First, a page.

How can teachers and parents promote students’ digital literacies skills?
Even though people sometimes think children are born “just knowing” how to use digital tools, research has dispelled this myth.
Download the Fact Sheet! (361.88 kB / pdf)Download
Students who are digitally literate know how to use computers and the Internet to find, read, organize, and critically analyze information, to compose digital texts such as infographics, blogs, or videos for a range of purposes using a range of applications, and to participate ethically on social media platforms and in other networked spaces using multiple modes such as text, image, sound, or hashtags. Teachers and parents play a crucial role in helping young people to develop the foundational digital skills and social practices that enable them to become critical readers, writers, and participants in a complex world where digital technologies shape how we think, understand and interact.
HERE ARE THREE STRATEGIES THAT TEACHERS AND PARENTS CAN USE TO SUPPORT DIGITAL LITERACIES LEARNING
Teach emergent print-based and digital literacies at the same time
As children learn to recognize, decode and print the letters of the alphabet, they can also learn to recognize and type letters on keyboards, use digital applications to listen to and interact with e-books, use audio recording applications to record and share their ideas, and use block-coding platforms (e.g., SCRATCH) to design commands that computers can read. Young children require developmentally appropriate opportunities to make meanings with and through all of the technologies that will shape their literacies practices in life.
Encourage meaningful digital co-creation
Creative collaboration sets the stage for students to think beyond the consumption of digital information as they negotiate and solve complex problems using a range of digital tools. For example, co-creating a digital video on a topic of social importance might require students to use cloud-based writing platforms for storyboarding, digital video cameras for recording, data management practices for organizing files, digital editing software, and online video sharing platforms with permissions set according to privacy needs. Through collaboration and peer review, students learn what it means to create, curate, and disseminate their work as active participants in networked cultures.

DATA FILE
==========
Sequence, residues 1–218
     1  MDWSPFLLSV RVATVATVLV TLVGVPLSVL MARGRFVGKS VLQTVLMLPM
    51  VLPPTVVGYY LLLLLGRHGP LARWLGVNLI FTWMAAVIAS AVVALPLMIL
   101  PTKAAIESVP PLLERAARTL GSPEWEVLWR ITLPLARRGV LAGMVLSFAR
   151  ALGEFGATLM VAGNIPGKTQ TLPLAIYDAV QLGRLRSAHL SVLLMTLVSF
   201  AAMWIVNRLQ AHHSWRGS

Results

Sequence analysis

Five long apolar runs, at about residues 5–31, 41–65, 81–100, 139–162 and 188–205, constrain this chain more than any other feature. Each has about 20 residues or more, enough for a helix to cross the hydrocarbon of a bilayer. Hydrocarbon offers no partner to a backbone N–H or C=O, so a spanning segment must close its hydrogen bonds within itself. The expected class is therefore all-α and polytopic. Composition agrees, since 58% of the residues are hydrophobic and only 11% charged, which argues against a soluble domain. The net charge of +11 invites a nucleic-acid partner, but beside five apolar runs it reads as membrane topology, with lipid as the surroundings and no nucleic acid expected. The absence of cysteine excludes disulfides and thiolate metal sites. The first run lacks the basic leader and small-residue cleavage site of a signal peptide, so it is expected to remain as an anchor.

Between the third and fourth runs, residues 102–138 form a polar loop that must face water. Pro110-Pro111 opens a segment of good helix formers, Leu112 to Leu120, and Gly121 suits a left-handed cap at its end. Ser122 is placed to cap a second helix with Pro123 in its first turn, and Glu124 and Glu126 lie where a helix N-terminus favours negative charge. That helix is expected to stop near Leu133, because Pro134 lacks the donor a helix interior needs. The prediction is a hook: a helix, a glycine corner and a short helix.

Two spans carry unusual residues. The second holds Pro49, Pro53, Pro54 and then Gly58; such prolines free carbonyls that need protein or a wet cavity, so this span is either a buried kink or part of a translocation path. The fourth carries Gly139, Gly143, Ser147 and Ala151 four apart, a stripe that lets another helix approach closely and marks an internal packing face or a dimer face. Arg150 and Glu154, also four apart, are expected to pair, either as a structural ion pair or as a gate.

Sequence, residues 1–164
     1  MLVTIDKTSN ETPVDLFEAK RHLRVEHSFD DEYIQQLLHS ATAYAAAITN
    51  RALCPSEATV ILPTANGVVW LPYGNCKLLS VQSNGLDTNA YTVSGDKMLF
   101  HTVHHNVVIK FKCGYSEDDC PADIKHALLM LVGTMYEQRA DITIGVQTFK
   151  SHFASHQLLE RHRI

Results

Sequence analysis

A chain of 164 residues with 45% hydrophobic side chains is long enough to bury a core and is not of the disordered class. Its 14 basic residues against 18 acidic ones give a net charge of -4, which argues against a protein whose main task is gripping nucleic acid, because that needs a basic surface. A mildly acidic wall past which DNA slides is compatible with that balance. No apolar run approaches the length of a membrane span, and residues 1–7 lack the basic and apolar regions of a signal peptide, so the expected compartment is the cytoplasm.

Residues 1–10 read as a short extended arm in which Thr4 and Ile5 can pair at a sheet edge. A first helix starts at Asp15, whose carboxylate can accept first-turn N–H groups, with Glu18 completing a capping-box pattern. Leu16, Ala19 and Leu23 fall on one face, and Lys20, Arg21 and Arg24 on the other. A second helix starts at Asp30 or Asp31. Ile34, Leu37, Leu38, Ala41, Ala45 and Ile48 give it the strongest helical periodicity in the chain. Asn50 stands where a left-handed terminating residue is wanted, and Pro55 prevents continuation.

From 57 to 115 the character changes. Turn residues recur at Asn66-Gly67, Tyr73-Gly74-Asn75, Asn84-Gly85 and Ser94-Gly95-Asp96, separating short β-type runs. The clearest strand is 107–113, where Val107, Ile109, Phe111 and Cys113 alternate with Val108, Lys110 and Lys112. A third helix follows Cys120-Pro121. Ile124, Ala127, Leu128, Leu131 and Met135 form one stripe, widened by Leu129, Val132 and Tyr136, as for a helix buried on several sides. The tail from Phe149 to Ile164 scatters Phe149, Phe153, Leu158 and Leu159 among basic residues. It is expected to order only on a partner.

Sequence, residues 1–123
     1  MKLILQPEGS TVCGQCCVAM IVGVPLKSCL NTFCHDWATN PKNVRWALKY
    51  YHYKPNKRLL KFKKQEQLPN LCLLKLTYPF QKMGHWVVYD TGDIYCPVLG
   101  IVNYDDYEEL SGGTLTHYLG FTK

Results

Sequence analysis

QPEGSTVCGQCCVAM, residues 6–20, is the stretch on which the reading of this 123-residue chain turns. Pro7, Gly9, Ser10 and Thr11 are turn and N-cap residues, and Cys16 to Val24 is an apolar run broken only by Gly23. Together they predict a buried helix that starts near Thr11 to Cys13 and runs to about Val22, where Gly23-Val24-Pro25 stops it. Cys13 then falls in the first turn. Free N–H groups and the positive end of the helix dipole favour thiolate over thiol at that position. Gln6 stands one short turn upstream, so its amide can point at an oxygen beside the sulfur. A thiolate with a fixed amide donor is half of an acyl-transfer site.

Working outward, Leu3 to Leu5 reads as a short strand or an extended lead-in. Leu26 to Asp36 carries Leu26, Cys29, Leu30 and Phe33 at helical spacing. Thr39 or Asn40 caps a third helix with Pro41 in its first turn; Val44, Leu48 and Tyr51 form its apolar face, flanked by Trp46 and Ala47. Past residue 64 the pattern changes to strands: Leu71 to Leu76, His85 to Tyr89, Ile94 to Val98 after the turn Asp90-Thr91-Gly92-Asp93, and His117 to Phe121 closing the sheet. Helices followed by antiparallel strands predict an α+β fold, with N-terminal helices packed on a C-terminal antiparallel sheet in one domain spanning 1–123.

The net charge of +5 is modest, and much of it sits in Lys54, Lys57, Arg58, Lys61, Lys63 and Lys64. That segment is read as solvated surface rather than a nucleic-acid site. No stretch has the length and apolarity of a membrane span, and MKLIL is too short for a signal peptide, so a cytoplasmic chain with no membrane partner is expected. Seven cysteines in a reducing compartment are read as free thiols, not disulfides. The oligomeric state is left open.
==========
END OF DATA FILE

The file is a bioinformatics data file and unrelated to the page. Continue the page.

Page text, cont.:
Offer multiple opportunities to learn critical evaluation skills and mindsets
When searching the Internet for information, students who adopt an evaluative stance, and who read across information sources in order to compare facts, arguments, and perspectives (also called lateral reading) tend to construct more accurate understandings of topics. To develop an evaluative stance, students need opportunities to judge the relative trustworthiness of information sources using indicators such as context, author identity and credentials, point of view, evidence of funding, text genre, modality, use of emotional triggers, how the information circulates via social media and whether information can be verified. Students also benefit when they have to justify their trustworthiness rankings, through debate, with peers and when their parents and teachers model critical evaluation practices by thinking aloud as they make judgments about information.
Just as learning to read and write printed texts requires explicit instruction over many years with many types of text, and for many communicative purposes, learning to become digitally literate requires similar support. Even though people sometimes think children are born “just knowing” how to use digital tools, research has dispelled this myth. Even highly educated young adults who grew up using the Internet are susceptible to fake news, and may not know how to solve complex problems using computers. Given the importance of global digital networks to nearly every aspect of life today, prioritizing digital literacies teaching and learning in every grade and in every subject area at school is important so that students learn foundational digital reading, composition and participation practices from an early age.
Additional Information and Resources
- SCRATCH: https://scratch.mit.edu/
- NCTE Definition of Literacy in a Digital Age : https://ncte.org/statement/nctes-definition-literacy-digital-age/
- Stanford History Education Group Civic Online Reasoning Curriculum: https://cor.stanford.edu/
- Media Smarts Research Report on Young Canadians and Algorithmic Awareness:https://mediasmarts.ca/research-policy/algorithmic-awareness-conversations-young-canadians-about-artificial-intelligence-privacy